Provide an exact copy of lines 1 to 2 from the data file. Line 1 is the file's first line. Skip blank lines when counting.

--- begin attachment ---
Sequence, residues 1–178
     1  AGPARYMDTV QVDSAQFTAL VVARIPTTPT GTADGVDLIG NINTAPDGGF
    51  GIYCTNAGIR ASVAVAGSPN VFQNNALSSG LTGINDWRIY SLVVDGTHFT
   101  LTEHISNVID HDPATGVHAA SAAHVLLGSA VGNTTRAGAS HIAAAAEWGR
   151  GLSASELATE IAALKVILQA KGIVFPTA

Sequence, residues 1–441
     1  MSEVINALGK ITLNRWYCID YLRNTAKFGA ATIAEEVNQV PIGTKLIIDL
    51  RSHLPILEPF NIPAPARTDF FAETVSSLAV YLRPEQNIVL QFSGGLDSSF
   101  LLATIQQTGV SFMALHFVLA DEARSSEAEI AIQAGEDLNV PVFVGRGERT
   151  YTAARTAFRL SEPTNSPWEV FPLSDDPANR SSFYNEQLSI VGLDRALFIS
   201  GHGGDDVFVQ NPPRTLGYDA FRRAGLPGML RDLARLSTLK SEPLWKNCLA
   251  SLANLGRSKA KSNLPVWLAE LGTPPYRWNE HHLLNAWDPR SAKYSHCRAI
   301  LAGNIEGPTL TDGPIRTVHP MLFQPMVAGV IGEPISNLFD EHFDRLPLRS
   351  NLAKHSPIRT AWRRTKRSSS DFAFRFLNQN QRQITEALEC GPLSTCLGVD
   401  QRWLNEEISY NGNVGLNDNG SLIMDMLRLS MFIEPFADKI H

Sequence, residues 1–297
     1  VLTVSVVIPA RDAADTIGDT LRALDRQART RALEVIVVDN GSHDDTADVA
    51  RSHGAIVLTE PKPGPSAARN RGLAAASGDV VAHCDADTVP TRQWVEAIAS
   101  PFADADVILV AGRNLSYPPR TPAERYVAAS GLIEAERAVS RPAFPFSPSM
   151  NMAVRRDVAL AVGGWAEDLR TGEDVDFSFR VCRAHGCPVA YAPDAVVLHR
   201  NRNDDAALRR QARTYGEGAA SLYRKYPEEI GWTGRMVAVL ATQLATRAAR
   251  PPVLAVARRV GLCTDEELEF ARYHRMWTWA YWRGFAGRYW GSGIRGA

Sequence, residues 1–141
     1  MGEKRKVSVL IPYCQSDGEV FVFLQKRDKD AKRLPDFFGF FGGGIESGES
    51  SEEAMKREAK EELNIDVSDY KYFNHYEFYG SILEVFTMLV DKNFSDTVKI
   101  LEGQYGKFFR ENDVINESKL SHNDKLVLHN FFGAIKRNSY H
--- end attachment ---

Sequence, residues 1–178
     1  AGPARYMDTV QVDSAQFTAL VVARIPTTPT GTADGVDLIG NINTAPDGGF